Investors from the Middle East accounted for 12 per cent of all buyers of European property in the second quarter of this year, according to research published yesterday by CBRE.
Buyers from the Arabian Gulf accounted for €2.9 billion (Dh13.61bn) of the total €24.3bn of property sold in the United Kingdom and on the continent during the three months to June as investors sought to diversify their portfolios and invest in havens.
European property also proved popular with other global investors, as North Americans accounted for 24 per cent of cross-border investments over the period and Far Eastern investors made up 11 per cent.
In total, non-European investors bought property worth a total of €5.8bn - the highest amount since the second quarter of 2007, before the global financial crisis.
"Non-European real estate investors are currently dominating the markets in which they are active," said Jonathan Hull, the head of European, Middle East and African capital markets at CBRE.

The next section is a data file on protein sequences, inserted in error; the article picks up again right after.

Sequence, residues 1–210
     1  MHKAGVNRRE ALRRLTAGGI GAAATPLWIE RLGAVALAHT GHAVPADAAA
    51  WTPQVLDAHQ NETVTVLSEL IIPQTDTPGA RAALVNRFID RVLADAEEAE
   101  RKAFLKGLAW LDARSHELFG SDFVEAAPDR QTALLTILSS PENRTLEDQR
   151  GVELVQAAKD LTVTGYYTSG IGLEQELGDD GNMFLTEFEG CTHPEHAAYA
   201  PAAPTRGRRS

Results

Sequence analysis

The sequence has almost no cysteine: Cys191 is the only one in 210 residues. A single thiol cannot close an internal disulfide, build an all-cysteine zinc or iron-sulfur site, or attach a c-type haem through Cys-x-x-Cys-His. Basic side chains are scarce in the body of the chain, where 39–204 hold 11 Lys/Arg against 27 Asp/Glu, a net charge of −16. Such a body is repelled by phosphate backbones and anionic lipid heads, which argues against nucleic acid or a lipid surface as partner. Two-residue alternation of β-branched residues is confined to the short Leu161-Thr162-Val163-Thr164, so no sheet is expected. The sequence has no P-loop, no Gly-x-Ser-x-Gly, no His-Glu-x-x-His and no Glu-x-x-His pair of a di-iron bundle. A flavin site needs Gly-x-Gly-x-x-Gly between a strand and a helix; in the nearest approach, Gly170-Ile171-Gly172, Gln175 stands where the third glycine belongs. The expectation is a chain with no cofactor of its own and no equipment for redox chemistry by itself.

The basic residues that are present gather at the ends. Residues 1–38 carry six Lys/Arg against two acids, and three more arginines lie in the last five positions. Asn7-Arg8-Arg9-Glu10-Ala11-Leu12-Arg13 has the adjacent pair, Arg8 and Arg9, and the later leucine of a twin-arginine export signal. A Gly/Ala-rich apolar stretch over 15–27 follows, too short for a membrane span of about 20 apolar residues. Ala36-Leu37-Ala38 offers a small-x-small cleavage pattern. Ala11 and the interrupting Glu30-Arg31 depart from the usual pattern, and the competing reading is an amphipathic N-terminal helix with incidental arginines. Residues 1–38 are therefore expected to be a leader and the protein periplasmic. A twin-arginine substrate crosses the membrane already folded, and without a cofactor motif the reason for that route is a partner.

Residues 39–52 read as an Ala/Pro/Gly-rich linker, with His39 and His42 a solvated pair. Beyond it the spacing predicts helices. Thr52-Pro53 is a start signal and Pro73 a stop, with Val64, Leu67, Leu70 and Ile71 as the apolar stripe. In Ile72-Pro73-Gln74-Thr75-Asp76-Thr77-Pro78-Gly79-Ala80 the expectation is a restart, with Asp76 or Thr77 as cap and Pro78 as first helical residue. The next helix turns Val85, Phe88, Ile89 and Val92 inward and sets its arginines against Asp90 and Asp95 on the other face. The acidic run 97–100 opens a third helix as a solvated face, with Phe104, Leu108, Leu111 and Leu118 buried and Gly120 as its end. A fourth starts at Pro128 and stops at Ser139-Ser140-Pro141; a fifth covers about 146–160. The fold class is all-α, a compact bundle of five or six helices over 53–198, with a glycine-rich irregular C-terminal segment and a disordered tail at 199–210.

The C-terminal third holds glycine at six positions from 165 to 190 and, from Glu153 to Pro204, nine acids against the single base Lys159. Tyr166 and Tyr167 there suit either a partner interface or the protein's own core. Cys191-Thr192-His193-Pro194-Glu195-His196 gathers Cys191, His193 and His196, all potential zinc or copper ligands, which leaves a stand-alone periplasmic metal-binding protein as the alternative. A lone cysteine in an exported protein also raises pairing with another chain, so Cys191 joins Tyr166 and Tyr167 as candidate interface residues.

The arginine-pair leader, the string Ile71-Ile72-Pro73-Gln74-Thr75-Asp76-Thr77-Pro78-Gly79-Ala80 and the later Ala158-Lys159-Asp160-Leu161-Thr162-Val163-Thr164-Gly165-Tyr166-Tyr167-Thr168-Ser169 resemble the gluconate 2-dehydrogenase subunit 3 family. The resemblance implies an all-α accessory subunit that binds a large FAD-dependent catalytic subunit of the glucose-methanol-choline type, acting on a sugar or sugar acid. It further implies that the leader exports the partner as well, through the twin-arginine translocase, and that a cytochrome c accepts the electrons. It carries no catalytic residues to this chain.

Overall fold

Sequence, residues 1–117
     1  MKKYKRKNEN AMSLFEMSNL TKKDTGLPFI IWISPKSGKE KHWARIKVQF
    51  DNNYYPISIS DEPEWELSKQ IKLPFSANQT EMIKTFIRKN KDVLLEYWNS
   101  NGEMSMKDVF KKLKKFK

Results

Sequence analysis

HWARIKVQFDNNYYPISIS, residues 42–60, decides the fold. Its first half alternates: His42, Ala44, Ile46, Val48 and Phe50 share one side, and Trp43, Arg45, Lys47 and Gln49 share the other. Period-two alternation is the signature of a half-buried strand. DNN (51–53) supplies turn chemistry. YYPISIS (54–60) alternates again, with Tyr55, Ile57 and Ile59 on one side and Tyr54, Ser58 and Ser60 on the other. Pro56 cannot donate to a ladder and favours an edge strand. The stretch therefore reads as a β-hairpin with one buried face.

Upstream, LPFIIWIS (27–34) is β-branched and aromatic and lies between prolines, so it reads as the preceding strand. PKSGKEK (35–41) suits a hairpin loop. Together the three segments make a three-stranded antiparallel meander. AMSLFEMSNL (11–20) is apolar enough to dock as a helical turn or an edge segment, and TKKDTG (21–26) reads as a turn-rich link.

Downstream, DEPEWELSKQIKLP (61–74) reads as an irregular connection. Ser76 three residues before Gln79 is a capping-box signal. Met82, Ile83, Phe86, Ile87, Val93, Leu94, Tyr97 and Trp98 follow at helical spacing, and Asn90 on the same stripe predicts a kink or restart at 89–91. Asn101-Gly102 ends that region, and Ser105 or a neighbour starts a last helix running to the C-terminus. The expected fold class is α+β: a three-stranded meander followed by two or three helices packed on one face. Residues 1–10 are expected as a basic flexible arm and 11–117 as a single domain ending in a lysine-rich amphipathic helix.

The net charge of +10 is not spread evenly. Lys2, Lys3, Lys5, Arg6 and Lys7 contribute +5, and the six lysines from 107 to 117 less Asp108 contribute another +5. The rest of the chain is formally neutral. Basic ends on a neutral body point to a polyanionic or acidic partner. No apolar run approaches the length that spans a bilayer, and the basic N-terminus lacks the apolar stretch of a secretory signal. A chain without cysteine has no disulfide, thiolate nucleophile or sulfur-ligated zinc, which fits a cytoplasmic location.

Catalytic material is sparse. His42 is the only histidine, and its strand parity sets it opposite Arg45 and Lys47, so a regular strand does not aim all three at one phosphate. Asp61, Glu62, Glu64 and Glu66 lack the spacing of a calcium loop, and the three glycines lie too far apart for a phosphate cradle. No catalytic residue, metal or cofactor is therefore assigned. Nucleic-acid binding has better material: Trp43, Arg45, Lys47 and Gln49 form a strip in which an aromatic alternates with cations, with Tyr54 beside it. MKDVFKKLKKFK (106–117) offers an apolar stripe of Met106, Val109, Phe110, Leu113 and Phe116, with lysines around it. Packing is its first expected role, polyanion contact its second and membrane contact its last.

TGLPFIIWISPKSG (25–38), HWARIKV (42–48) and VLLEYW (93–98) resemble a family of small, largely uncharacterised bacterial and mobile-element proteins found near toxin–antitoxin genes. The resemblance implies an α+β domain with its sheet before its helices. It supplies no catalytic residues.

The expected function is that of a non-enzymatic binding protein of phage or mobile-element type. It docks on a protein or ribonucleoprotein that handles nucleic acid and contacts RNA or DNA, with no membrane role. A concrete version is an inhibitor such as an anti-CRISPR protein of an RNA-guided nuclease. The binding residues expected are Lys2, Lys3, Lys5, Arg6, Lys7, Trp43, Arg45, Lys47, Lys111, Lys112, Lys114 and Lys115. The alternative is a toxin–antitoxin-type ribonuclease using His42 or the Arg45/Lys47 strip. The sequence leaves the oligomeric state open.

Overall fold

"All of the 10 largest transactions in London in [the first half of this year] went to foreign investors, with nine of those deals from outside Europe.
"Cross-regional investors now have a significant influence on pricing in the European market, particularly for the prime product that is in demand."
CBRE said the figures indicated investors based in the Gulf were set to continue their involvement in the region, especially through forming joint ventures.
"European property markets and infrastructure continues to prove interesting for Middle East investors," said Nicholas Maclean, the managing director at CBRE Middle East.
"What we are likely to see going forward, however, is co-investment activity, particularly involving Middle East sovereign funds and Chinese state or quasi-state investors."
Despite the increase in non-European investment, the total value of property deals completed during the period was 5 per cent lower than the previous quarter and 9 per cent lower than the same period a year earlier.